Assignment Two Homework
Online Learning
OL 102 Project Architecture: Planning for Impact.

Center for Sustainable Impact:
This week’s resources:
Class Home Page
Assignment Two Discussion
Download Class Documents

Assignment 2: Planning for Impact.
Getting Started
Go to the Download Course Documents menu link to your left and open up the document called OL 102 Assignment Two Student Logframe Template to Fill In. You’ll see that it’s the same matrix that we completed in week one, but that in a number of the empty cells I have added more information. Use this as a guide to fill in the empty cells in your project’s logframe from last week.

Part 1.
Impact statement
If we return to the negative impact statements on our problem statements from Assignment One of the first course we will see that it says that children face “stunting and a reduction of their ability to participate in family and community activities, and attend and concentrate in school”. Where will that lead those children to be 15 or 20 years from now? Their lack of development and education will keep them trapped in the cycle of poverty and they may continue to be undernourished and unhealthy.

Much as our goal statement was a mirror image or a positive version of our problem statement, the project’s impact statement will be a positive version of the long-term negative impact. So my impact statement says that “100 families in the western highlands of Guatemala have risen out of the cycle of poverty and lead healthy, prosperous, productive lives”. That sums up why I’m doing this project: so these children won’t grow up stunted, unhealthy, and poor, but well developed, healthy, productive, and prosperous.

“Impact is the long-term, sustainable change in the conditions of people that structurally reduce poverty and improve human well-being”.

Part 2.
Outcome statements
Much like our outputs and Sub-goals added up to equal our main project goal, our outcomes need to add up to equal our impact statement. The impact statement reflects the results of the project outcomes.

Hopefully, our project influenced peoples’ decisions to make changes in their behavior– such as incorporating hand washing into their daily routines. This isn’t something tangible that you can touch and feel (like a new school building) but behavioral changes that result in healthier lives. These behavior changes over five years, or 10 years will create impact. And this is why we do impact-oriented projects.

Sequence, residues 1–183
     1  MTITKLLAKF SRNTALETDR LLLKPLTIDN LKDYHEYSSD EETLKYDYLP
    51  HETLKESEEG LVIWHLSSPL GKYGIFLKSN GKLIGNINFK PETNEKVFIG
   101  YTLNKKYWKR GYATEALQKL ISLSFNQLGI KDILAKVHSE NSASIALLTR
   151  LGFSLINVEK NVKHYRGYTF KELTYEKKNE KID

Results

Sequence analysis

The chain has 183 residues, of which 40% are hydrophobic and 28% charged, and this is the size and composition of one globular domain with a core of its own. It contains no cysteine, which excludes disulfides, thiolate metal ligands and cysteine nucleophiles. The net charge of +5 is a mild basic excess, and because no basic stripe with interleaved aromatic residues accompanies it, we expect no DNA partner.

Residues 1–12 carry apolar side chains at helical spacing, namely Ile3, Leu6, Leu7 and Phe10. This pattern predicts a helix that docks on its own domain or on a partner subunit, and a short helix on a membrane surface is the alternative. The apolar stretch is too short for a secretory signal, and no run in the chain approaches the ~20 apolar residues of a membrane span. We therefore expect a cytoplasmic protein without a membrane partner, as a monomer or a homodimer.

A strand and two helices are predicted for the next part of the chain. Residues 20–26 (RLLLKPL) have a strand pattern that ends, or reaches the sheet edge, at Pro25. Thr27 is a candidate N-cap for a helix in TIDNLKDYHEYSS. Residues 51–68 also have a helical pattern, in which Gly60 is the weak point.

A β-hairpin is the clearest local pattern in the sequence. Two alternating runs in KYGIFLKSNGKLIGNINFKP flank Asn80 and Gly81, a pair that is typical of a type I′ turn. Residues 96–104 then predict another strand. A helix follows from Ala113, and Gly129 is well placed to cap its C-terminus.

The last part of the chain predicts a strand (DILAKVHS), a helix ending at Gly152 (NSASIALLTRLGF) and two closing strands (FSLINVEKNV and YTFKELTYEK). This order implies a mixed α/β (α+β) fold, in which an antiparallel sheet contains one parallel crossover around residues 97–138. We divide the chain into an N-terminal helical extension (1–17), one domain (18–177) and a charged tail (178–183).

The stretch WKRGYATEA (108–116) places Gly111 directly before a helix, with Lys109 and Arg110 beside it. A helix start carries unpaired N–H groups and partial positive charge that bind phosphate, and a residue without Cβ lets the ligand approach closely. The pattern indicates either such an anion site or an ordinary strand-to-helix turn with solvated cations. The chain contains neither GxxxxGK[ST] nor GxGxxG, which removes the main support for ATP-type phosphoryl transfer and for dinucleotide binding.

My outputs and sub-goals discuss people attending workshops and having measurable improved health in the short term. But will they continue to maintain that level of health after my crew has left? Outcomes described the fact that people have adopted these healthy practices permanently into their lives.

The health and hygiene outcome for my project states: “100 rural families adopt beneficial health and hygiene practices into their lives allowing children to grow and develop properly, be able to participate in education, and be prosperous, productive members of their communities”.

Add outcome statements adjacent to each of your Sub-Goals.

Part 3.
Monitoring and Evaluation: Indicators and Means of Verification
This week we are going to begin developing a Monitoring and Evaluation plan that will be expanded in the third course of this series ‘Positive Outcomes.’

Why a monitoring and Evaluation (M&E) plan? We want to be able to observe if our theory of change (our activities and outputs) are working. If we aren’t achieving the results we want in the process of the project – and we can identify that – we can make adjustments to improve our results. An M&E plan also means that we can provide factual final reports, and learn from the results of our project.

Since we worked so hard to make our outputs and activities measurable, indicators let us know we succeeded. For example, if we hold a workshop for 100 people – an indicator would be that they did indeed attend.

But we need to verify that they did come – so means of verification could be workshop sign-in sheets and photographs.

Look at my example for ideas and go ahead and place indicators and means of verifications adjacent to your outputs and activities as shown in the example

The homework to turn in will be to add the following into the Logframe Template for your project:
1. Impact statement
2. Outcomes statements
3. Indicators and Means of Verification for outputs and activities

Go to OL 102 Assignment Two Student Logframe Template to Fill In to see what this could look like.

See you next week.

Tim Magee